Text Jin-young Lim
Photos Yong-kwan Kim
The Hanil Cement plant in the town of Danyang, Korea, towers in front of a mountain ridge that has been descending 30 cm each year as raw material has been dug out of its base. Hanil Cement commissioned architect Byoung-soo Cho to design the Hanil Visitors Center and Guest House, a two-winged building opposite the plant, to showcase the vista so symbolic of the owner’s proud entrepreneurship.
Accommodating this vision, Cho created the ‘first impression’ of the commissioned building on the elevation on the east, facing the plant. Grappling with the task of inventing a symbol, he hit upon the idea of recycling cement and using concrete in several different ways. The inspiration led him to design the building’s east-facing façade, using fabric-foamed concrete to highlight the natural feel. Its side was even composed of gabion boxes produced from waste concrete that was created in the process of manufacturing the foamed concrete.
The challenge with the fabric-foamed concrete was to create continuous, naturally-flowing curves that would become the surface. So he fabricated a form with plywood; wrapped it with fabric; and supported the structure with a tube inserted inside. The result was a clever materialization of rock-solid, yet smoothly undulating concrete columns. Additionally, he used precast concrete units of a considerable width, tilted upwards during installation, to create the massive façade for the 7-m-tall building, which required a substantial weight and amount of concrete. To counter the bending and loading expected, the precast concrete, maximally 50 cm thick and 80 cm wide, was bolted to the structure’s main part at the middle and top, respectively, with its lowest end seated upon the building’s foundation for support.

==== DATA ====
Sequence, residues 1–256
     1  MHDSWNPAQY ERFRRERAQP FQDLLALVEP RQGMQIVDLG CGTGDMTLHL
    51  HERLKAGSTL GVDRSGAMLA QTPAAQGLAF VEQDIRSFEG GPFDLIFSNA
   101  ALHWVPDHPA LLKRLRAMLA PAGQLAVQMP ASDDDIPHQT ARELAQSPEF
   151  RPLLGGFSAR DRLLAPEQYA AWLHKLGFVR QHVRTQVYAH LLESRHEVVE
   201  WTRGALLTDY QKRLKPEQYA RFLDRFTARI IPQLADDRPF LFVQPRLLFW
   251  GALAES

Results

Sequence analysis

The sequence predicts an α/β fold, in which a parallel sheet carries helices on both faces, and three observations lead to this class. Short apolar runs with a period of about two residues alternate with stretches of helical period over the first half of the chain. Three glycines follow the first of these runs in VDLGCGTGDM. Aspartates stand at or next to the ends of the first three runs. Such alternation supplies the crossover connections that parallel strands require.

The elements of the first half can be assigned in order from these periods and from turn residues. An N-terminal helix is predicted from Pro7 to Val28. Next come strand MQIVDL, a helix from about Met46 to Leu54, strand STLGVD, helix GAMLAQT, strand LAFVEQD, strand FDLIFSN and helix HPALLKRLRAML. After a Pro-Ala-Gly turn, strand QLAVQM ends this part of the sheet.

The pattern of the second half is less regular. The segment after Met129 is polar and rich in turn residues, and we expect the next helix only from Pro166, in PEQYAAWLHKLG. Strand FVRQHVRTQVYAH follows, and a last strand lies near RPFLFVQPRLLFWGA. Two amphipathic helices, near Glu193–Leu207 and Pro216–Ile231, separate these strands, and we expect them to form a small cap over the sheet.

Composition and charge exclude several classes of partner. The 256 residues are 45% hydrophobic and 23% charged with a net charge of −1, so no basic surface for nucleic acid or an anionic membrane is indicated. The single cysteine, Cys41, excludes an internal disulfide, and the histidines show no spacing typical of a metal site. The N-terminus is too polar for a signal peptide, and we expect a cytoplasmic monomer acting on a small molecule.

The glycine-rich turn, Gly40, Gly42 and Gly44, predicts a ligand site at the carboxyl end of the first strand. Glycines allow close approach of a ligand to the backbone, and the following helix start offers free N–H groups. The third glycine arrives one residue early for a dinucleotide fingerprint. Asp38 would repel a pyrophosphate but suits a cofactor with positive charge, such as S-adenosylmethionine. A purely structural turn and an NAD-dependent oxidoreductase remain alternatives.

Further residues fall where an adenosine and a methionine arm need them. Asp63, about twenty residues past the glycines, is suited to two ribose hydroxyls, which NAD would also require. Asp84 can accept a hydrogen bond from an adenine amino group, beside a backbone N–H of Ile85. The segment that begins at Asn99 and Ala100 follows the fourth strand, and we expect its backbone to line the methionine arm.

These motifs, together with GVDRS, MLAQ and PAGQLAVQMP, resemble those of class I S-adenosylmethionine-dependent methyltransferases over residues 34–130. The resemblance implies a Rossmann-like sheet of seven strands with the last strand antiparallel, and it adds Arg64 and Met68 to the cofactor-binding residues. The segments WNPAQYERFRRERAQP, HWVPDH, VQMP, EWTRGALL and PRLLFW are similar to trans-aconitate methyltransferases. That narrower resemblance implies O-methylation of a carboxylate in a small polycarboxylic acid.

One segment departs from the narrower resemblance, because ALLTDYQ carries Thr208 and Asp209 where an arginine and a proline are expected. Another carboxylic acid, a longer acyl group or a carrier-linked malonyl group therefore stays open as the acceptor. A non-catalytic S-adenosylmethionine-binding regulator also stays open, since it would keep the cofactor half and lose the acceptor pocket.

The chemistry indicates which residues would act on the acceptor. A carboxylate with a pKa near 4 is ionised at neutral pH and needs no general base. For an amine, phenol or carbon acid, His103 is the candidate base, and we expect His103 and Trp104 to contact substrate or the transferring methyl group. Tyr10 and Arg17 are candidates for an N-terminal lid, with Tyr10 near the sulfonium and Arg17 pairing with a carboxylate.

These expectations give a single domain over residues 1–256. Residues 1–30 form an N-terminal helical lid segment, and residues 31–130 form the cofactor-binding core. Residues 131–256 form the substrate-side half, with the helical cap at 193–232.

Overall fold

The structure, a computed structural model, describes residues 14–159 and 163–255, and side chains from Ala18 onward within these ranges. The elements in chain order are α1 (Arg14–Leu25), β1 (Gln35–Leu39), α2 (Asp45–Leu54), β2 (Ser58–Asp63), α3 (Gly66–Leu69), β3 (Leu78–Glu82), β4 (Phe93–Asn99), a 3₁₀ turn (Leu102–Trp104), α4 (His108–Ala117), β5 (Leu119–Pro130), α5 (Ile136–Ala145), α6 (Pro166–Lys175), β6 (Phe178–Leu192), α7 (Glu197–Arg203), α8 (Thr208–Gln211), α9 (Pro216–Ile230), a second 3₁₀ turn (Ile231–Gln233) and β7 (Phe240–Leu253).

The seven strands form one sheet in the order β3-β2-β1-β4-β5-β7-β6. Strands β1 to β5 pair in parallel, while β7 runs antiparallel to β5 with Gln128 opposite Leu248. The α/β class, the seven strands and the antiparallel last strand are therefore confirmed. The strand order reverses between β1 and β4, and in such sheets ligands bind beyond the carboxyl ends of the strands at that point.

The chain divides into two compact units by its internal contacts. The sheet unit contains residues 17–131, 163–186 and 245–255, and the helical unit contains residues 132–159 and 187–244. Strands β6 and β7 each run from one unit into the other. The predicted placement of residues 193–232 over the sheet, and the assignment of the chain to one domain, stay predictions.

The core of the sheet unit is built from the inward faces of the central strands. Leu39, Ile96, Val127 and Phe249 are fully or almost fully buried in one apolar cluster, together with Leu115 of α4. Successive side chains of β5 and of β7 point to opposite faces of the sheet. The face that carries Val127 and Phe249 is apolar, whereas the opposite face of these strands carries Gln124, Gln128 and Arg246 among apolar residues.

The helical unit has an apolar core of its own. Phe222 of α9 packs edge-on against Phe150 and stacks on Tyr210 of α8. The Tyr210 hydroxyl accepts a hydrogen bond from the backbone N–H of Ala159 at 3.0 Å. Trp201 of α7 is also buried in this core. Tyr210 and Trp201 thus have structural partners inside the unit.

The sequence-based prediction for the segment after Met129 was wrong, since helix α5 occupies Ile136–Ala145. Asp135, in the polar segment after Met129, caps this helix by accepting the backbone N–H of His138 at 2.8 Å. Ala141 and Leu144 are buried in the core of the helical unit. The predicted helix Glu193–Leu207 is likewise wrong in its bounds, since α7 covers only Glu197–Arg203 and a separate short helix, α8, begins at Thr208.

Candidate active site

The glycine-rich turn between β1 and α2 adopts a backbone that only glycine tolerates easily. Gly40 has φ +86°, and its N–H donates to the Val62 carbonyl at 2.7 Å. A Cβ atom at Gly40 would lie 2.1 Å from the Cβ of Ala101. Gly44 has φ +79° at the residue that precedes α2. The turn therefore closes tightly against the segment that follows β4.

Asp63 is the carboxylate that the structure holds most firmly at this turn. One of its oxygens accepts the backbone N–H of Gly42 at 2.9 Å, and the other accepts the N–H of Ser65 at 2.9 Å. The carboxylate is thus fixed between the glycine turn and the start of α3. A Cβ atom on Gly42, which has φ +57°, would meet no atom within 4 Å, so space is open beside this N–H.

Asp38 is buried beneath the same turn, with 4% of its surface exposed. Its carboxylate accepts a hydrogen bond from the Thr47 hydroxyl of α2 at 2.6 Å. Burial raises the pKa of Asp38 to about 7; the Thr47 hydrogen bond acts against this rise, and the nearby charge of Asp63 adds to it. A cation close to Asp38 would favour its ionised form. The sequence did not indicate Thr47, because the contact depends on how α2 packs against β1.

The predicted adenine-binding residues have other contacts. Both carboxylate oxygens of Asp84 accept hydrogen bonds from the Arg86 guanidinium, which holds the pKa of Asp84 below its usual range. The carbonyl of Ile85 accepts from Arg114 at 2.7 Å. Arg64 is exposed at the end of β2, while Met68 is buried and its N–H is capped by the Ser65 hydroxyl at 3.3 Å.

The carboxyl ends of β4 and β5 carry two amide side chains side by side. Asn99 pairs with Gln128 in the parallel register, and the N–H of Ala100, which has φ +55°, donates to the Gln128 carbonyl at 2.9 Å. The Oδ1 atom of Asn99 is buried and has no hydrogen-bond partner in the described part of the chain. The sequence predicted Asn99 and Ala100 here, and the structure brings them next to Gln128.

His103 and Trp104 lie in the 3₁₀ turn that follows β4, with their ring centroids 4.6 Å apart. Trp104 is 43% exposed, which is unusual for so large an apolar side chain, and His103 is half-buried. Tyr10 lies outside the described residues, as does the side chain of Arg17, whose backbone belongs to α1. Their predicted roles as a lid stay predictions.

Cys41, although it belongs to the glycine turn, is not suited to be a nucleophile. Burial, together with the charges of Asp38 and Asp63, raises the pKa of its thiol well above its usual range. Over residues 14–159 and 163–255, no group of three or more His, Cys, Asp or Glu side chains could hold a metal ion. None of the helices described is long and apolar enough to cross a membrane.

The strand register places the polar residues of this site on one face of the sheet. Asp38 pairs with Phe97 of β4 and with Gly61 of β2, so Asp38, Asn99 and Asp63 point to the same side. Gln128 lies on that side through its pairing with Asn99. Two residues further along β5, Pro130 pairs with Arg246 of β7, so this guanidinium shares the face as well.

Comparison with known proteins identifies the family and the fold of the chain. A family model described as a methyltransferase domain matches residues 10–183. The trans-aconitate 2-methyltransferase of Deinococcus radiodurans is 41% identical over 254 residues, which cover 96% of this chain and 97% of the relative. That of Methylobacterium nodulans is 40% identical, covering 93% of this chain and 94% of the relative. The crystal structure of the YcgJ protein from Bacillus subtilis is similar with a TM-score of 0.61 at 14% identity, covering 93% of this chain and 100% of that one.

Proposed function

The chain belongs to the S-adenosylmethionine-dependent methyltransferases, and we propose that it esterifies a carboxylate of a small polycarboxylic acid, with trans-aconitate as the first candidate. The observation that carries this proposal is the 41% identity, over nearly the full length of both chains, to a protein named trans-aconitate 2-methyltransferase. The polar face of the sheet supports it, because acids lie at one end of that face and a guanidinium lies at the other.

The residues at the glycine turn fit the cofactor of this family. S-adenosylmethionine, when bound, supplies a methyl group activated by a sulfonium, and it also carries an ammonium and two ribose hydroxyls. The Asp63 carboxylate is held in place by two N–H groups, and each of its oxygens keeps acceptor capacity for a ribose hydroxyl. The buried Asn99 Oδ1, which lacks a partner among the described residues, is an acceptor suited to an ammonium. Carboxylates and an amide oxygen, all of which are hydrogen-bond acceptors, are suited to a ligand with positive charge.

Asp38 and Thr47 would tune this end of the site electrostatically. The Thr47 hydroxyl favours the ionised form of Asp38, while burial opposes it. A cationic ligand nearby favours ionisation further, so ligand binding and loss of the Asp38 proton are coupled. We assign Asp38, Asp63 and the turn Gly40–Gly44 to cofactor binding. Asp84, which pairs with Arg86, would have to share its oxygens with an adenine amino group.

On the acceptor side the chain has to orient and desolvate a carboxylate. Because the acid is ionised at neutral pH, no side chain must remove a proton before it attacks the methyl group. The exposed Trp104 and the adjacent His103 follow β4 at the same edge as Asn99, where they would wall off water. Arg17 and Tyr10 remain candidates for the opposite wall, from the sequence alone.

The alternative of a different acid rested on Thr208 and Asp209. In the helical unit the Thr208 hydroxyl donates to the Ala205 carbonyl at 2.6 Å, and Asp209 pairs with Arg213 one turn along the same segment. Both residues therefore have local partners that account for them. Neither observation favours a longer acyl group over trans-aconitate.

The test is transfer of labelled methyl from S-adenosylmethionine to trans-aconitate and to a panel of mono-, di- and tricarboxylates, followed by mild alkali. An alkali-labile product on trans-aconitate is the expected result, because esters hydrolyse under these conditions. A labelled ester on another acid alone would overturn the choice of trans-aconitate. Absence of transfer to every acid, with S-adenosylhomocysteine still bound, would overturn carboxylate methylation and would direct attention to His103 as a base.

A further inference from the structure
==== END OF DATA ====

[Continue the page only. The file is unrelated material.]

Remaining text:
‘Connecting sheets of fabric-foamed concrete conveys the feel of a single, monolithic mass. I could have used it as a series of single posts and had the spaces in between connect the inside and outside, providing a frame on top to highlight the plant’s silhouette in front.’ Unlike its rather monotone façade, the Guest House and Visitors Center feature a layout where massive rocks sit upon the floor, surrounded by splendid enclaves of space. The snug little garden nestled between the two wings provides a generous gateway, which the mountain ridge in the background seems to run through. ‘By designing the center as a low-lying, one-story structure, I wanted the void between the two wings to become a corridor of space, wind and light, which, at its core, corresponds with the tradition Korean architectural layout. That layout, the most accommodating of the local climate, ensures good ventilation, ample sun and seamless communication with the outside space. To me, that is the eco-friendly approach in its most Korean sort of way.’